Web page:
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Tuesday, 15 September 1987
Page: 103

Mr DAWKINS (Minister for Employment, Education and Training)(8.16) —I move:

That the Bill be now read a second time.

The purpose of this Bill is to make provision for the financing of the prospective Budget deficit in 1987-88 together with the associated prospective deficit in the Consolidated Revenue Fund. Legally, payments from the Consolidated Re- venue Fund cannot exceed moneys available to that Fund. In order to meet any prospective deficit in the Consolidated Revenue Fund it is customary to seek legislative authority to charge defence and other Consolidated Revenue Fund expenditure to, or reimburse the Consolidated Revenue Fund from, the Loan Fund. This Bill therefore seeks authority to borrow money in 1987-88 for defence and other purposes and to enable certain other expenditures to be met from the Loan Fund rather than from the Consolidated Revenue Fund.

In addition, and for the first time, the Bill provides for continuity of that authority by the inclusion of a supply clause. In the past, borrowing authority under the annual Loan Act ceased to be available on 30 June until the next Loan Act was passed, usually by urgent passage in the Budget sittings. Borrowing authority during the supply period for next financial year will be limited to the amount included in the Supply Act (No. 1) 1988-89 for defence purposes, that Act having been passed by the Parliament prior to the end of the 1987-88 financial year.

Apart from a comparatively small amount attributable to the expenses of raising loans under the authority of this legislation, the Bill does not authorise defence or other expenditures additional to those otherwise authorised by Parliament under annual Appropriation Acts and under Acts providing for special or standing appropriations. The Bill is simply a machinery financing measure-the provisions of the Bill in fact explicitly prohibit borrowings for expenditures additional to those authorised by the Parliament.

Successive governments have, for many years, introduced legislation in the form of an annual Loan Bill to authorise the issue of moneys from the Loan Fund to meet defence expenditures or to reimburse the Consolidated Revenue Fund from the Loan Fund in respect of certain non-defence expenditures.

In the Budget Speech the Treasurer (Mr Keating) announced that the Budget deficit in prospect for 1987-88 is estimated to be some $27m. This gives rise to a prospective deficit in the Consolidated Revenue Fund of around $2.4 billion-the Consolidated Revenue Fund differs from the Budget deficit as some CRF expenditures and receipts are classified as financing transactions in the functional classification of Budget outlays and, for the purposes of the Budget figuring, certain Budget outlays are met direct from either the Loan Fund or the Trust Fund. Existing standing authorities enable some $1.2 billion of expenditure to be charged to the Loan Fund in 1987-88, leaving a shortfall of some $1.2 billion for which separate funding authority is required. This Bill seeks authority to borrow moneys accordingly.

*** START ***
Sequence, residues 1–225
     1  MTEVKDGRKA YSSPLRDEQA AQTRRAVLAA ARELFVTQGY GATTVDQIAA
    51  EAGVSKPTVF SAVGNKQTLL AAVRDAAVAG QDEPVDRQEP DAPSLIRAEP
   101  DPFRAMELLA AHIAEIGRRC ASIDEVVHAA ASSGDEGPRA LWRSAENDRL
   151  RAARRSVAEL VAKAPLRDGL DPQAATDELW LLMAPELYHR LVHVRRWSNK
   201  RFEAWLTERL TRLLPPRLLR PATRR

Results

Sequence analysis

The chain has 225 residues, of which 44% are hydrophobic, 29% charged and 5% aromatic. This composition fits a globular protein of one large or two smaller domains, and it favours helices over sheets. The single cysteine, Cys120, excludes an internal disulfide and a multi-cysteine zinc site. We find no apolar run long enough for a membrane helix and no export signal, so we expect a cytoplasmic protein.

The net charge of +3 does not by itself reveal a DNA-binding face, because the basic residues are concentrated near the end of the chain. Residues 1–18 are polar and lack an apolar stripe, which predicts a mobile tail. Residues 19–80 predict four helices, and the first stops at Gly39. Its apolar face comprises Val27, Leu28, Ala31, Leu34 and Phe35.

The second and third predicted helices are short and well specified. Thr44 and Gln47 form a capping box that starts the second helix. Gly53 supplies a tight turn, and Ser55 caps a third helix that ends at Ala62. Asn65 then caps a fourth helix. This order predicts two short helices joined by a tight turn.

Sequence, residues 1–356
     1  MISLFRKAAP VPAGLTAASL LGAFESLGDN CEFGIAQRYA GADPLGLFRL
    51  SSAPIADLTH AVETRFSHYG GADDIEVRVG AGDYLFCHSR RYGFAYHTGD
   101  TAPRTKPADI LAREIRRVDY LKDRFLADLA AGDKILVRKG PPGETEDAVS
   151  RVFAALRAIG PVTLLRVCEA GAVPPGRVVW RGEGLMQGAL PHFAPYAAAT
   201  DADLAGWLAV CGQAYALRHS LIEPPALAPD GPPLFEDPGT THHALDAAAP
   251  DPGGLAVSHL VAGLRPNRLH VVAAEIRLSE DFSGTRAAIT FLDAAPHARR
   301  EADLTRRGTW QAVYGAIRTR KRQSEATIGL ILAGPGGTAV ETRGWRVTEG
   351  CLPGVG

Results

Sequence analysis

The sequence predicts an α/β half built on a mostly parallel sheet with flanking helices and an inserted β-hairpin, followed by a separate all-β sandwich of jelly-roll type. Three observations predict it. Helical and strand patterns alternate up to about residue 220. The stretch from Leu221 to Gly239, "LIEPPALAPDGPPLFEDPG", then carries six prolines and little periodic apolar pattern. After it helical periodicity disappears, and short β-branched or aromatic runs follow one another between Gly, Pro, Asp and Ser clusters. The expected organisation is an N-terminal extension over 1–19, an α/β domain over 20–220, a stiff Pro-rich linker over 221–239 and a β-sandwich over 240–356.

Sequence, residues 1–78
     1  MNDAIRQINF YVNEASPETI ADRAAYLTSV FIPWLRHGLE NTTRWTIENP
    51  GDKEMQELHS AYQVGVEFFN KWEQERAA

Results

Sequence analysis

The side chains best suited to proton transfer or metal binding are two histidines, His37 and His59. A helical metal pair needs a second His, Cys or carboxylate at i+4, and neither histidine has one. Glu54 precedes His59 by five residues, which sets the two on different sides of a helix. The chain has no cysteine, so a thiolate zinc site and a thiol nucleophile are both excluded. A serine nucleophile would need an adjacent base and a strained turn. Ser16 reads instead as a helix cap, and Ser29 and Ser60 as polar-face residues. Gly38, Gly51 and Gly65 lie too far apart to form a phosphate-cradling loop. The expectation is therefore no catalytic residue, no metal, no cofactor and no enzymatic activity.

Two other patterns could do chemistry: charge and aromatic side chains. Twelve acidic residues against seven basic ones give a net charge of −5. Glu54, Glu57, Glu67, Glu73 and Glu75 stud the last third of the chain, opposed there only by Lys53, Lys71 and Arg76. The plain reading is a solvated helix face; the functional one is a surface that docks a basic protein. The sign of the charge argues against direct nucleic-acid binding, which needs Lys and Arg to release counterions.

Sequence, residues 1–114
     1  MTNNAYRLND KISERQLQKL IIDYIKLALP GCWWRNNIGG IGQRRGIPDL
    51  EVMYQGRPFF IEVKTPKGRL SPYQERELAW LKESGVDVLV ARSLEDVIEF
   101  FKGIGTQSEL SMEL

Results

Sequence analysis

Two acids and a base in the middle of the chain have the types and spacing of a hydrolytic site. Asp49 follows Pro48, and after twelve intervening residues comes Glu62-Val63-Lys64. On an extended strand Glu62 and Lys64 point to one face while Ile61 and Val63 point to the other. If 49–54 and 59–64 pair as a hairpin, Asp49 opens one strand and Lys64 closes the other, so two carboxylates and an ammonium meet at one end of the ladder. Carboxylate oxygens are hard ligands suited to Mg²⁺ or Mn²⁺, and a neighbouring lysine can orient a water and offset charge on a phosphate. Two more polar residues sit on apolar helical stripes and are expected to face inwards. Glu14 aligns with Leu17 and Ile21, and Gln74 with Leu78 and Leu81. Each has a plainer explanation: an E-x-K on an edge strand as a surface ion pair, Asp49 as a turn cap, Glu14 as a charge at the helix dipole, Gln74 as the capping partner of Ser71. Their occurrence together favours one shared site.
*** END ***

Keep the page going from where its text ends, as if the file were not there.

The amount of borrowings that may be undertaken pursuant to the proposed legislation is, in the case of defence expenditure, the amount for which appropriation is sought for defence purposes in the Appropriation Bill (No. 1)-some $7.1 billion in 1987-88-and any moneys for defence purposes that may be appropriated in the Supply Act (No. 1) for the next financial year. The effective limit in 1987-88 is likely to be significantly less than appropriations as defence expenditures cannot be charged to the Loan Fund until the legislation is enacted. The legal limit for borrowing for non-defence purposes is determined by the level of borrowing authority approved by the Loan Council. It is estimated that the 1987-88 limits will be sufficient to enable the financing of the Budget deficit. In concluding, I emphasise that the Bill does not in any way impinge upon the Parliament's prerogative to appropriate public moneys but simply provides a mechanism for financing expenditures previously approved and appropriated by the Parliament. I commend the Bill to the House and present the explanatory memorandum.

Debate (on motion by Mr Smith) adjourned.